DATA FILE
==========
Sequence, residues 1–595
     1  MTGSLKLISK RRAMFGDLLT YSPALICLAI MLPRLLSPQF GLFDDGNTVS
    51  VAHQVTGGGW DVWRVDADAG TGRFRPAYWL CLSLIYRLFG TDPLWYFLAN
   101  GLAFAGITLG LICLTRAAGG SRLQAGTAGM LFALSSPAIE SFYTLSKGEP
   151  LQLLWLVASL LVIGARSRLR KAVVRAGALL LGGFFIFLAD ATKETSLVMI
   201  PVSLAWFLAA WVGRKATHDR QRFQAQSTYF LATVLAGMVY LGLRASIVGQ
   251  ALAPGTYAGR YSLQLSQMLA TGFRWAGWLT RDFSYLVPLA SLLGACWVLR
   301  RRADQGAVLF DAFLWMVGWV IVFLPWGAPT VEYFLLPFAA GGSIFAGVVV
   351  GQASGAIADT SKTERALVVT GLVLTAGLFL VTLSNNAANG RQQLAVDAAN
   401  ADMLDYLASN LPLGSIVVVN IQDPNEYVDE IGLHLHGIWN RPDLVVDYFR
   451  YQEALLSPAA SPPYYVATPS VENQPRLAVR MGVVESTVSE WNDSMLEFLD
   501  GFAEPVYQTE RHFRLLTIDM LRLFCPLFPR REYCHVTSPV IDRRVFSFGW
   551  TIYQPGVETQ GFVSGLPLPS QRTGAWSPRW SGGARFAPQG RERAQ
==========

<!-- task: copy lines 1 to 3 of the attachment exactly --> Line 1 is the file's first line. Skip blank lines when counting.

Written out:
Sequence, residues 1–595
     1  MTGSLKLISK RRAMFGDLLT YSPALICLAI MLPRLLSPQF GLFDDGNTVS
    51  VAHQVTGGGW DVWRVDADAG TGRFRPAYWL CLSLIYRLFG TDPLWYFLAN